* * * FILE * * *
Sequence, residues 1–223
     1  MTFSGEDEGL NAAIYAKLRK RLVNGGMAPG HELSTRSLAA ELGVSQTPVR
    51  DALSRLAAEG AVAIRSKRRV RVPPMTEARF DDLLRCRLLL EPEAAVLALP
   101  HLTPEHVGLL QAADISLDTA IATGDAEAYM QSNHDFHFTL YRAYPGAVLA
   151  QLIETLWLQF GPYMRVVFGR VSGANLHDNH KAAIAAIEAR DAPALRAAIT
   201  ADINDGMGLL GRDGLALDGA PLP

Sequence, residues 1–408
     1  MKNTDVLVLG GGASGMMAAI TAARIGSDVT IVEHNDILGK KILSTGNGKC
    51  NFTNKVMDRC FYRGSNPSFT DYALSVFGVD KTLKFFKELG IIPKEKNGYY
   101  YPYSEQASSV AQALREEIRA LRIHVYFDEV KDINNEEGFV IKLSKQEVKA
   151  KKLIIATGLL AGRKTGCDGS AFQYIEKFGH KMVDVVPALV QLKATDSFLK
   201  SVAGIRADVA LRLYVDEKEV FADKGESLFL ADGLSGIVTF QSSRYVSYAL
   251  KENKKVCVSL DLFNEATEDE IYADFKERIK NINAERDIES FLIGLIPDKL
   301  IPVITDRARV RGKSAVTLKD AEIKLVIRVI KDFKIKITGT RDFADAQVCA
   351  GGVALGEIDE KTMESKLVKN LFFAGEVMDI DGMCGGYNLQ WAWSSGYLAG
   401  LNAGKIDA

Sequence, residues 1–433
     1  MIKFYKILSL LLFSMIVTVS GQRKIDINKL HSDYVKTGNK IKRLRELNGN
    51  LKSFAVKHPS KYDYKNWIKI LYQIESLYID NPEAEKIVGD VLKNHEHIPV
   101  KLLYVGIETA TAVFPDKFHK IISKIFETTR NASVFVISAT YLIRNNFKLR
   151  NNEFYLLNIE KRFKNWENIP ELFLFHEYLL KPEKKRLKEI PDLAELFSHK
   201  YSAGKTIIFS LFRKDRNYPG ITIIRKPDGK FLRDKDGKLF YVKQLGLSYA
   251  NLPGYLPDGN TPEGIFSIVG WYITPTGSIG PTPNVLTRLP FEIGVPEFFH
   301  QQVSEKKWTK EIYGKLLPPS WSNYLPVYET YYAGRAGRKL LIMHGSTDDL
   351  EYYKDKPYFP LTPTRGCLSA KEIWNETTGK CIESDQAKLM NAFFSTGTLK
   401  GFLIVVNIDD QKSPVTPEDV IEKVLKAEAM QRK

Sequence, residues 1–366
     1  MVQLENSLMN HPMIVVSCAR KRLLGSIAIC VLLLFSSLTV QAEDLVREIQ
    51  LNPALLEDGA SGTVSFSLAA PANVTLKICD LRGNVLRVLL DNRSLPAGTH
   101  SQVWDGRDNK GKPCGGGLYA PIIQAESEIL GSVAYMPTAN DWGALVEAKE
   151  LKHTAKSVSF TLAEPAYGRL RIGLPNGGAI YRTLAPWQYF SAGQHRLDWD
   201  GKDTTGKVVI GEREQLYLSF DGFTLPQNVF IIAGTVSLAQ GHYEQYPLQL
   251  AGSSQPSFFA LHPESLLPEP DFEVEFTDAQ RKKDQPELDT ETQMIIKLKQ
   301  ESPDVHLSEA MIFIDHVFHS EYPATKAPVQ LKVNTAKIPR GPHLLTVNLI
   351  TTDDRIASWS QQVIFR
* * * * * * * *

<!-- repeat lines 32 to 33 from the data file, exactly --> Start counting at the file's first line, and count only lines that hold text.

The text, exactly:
   201  GKDTTGKVVI GEREQLYLSF DGFTLPQNVF IIAGTVSLAQ GHYEQYPLQL
   251  AGSSQPSFFA LHPESLLPEP DFEVEFTDAQ RKKDQPELDT ETQMIIKLKQ